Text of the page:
General considerations. Pulmonary stenosis is an obstruction of right ventricular outflow, resulting in right ventricular hypertrophy. Like aortic stenosis, it can exist at three levels: subvalvar, valvar, and supravalvar.6 Subvalvar stenosis is produced from infundibular septal hypertrophy and is seen most often in patients with a VSD. In patients with valvar stenosis, the valve is thickened and dysplastic. Supravalvar stenosis occurs when there is a narrowing just distal to the pulmonary valve. In all three conditions, the right and left branch pulmonary arteries may be hypoplastic. Associated pulmonary insufficiency results in right ventricular dilatation as well. Severe subvalvar or supravalvar stenosis requires surgery. Valvar stenosis is amenable to pulmonary balloon valvuloplasty. Narrowing of the branch pulmonary arteries can be treated with balloon angioplasty with possible stent placement or surgery. Anatomic examination. Infundibular narrowing can be seen in the parasternal short-axis, the subcostal coronal, and the subcostal sagittal views. Valvar pulmonary stenosis is best seen in a parasternal short-axis view. In fact, the transducer can be turned clockwise slightly so that the number, thickness, and morphology of the leaflets can be seen. Movement of the transducer slightly cranially may also be helpful in obtaining this view. Valvar stenosis is also seen in the subcostal sagittal view. Supravalvar pulmonary stenosis is best seen in the parasternal short-axis view, but the subcostal views are complementary. The origin of the branch vessels is usually best seen in a parasternal short-axis view. A long segment of the right pulmonary artery can be easily visualized in the suprasternal coronal view. The left pulmonary artery can be seen from the suprasternal aortic arch view by rotating the transducer slightly clockwise. As in aortic stenosis, a patient may have multiple levels of stenosis, so a 2D and Doppler sweep needs to be performed from the right ventricular outflow tract, through the pulmonary valve and out into the main and branch pulmonary arteries. This is best performed in a subcostal sagittal or parasternal short-axis view. If a patient is being considered for a balloon valvuloplasty, then the pulmonary annulus diameter needs to be measured.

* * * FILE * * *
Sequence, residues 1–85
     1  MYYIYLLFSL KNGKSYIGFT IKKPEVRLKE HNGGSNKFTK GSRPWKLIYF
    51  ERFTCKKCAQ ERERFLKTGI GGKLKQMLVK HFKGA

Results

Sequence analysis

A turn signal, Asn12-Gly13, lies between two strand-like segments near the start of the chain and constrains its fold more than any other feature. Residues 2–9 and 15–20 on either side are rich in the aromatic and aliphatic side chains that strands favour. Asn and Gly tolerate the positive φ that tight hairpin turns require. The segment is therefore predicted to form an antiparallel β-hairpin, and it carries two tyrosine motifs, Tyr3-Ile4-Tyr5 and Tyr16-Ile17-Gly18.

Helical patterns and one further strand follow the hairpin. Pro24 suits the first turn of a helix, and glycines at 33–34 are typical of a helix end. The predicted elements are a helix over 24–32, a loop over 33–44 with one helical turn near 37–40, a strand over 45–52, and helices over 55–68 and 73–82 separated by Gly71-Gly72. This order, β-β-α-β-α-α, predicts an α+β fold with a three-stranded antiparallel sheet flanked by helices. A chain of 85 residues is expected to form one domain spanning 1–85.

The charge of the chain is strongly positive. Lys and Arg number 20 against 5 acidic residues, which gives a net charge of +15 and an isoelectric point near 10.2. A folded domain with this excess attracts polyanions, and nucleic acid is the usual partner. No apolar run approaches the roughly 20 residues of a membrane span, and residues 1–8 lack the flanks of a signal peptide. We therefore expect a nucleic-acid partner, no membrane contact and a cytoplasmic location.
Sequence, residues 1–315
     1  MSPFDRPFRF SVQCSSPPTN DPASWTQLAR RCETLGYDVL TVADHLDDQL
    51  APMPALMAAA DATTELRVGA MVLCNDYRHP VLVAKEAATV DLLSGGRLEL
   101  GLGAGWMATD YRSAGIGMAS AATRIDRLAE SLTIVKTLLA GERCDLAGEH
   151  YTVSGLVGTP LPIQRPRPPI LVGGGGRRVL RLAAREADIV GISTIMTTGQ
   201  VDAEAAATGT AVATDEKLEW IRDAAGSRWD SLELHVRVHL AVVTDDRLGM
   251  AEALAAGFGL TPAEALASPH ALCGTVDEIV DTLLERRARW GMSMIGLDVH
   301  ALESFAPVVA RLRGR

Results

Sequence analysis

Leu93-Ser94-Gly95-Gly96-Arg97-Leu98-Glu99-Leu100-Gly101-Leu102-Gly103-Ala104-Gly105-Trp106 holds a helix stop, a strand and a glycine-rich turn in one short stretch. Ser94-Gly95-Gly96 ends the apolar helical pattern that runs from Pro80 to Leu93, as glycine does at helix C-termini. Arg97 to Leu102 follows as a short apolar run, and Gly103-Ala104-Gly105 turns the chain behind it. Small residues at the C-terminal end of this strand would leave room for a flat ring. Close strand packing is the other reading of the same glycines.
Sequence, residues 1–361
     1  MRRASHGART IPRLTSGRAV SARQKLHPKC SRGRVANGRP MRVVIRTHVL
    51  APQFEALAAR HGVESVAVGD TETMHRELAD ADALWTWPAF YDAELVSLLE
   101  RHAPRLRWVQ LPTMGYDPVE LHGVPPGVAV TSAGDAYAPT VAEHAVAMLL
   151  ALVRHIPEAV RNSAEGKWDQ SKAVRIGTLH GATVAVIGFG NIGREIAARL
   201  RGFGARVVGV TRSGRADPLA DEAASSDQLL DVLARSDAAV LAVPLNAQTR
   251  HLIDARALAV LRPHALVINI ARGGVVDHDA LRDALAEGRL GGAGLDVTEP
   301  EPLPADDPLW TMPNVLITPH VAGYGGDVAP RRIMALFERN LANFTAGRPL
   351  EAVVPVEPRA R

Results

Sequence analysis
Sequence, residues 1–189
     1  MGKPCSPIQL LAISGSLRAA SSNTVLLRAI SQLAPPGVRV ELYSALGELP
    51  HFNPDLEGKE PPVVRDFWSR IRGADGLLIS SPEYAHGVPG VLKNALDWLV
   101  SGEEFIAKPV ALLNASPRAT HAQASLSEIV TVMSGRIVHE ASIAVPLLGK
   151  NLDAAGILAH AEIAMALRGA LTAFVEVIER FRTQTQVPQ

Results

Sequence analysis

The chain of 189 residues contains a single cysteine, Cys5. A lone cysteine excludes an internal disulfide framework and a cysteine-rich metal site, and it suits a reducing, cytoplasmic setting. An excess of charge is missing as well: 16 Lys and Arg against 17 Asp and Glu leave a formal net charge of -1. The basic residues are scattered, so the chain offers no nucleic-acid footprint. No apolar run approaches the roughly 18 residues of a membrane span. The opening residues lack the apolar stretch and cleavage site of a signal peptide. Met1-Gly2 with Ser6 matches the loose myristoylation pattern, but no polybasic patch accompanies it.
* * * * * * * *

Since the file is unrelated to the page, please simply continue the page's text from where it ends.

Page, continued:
Finally, associated lesions, such as an ASD, need to be investigated. Physiologic examination. Unlike aortic stenosis, the upstrokes of the (right) ventricular and (pulmonary) arterial pressure curves occur simultaneously. Therefore, the peak instantaneous pressure derived by Doppler correlates nicely with the peak gradient by catheterization. Color Doppler in parasternal short-axis and subcostal coronal and sagittal views is best for visualizing associated pulmonary insufficiency. The hemodynamic significance of pulmonary stenosis can be assessed by determining right ventricular size and the degree of hypertrophy. Postintervention examination. In patients having undergone balloon valvuloplasty, the echocardiogram should focus on obtaining a new gradient and assessing the degree of pulmonary insufficiency from the parasternal short-axis view. Surgical results on infundibular stenosis or supravalvar stenosis should be obtained by Doppler gradient. Some repairs may involve the placement of conduits or homografts, which are frequently very difficult to image. For conduit or homograft stenosis, the sonographer places his or her hand on the chest to feel a thrill. If one is felt, then the transducer is immediately placed over the thrill. This usually defines the point for obtaining the best gradient. Since the conduits and homografts are so anterior in the chest, the transducer may need to be tilted far anterior in the parasternal short-axis and subcostal sagittal views. Color Doppler can be used to delineate the anatomy and determine where to proceed. A color jet will often identify a jet in a conduit or homograft, which can then be examined in more detail by 2D echocardiography. If the branch pulmonary arteries have undergone balloon angioplasty with stent placement, then the stents must be investigated. This is best done in the parasternal short and suprasternal notch views.